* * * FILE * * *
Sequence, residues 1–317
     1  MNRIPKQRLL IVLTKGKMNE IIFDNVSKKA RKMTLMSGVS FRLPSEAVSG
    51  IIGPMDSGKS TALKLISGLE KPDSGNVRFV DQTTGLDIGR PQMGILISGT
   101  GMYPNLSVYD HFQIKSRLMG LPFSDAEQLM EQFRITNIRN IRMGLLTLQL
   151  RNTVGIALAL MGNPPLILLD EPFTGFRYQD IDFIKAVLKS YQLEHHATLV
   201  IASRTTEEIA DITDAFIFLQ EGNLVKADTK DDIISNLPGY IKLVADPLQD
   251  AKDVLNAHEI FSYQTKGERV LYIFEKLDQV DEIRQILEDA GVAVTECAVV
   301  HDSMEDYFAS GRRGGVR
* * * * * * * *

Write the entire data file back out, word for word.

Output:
Sequence, residues 1–317
     1  MNRIPKQRLL IVLTKGKMNE IIFDNVSKKA RKMTLMSGVS FRLPSEAVSG
    51  IIGPMDSGKS TALKLISGLE KPDSGNVRFV DQTTGLDIGR PQMGILISGT
   101  GMYPNLSVYD HFQIKSRLMG LPFSDAEQLM EQFRITNIRN IRMGLLTLQL
   151  RNTVGIALAL MGNPPLILLD EPFTGFRYQD IDFIKAVLKS YQLEHHATLV
   201  IASRTTEEIA DITDAFIFLQ EGNLVKADTK DDIISNLPGY IKLVADPLQD
   251  AKDVLNAHEI FSYQTKGERV LYIFEKLDQV DEIRQILEDA GVAVTECAVV
   301  HDSMEDYFAS GRRGGVR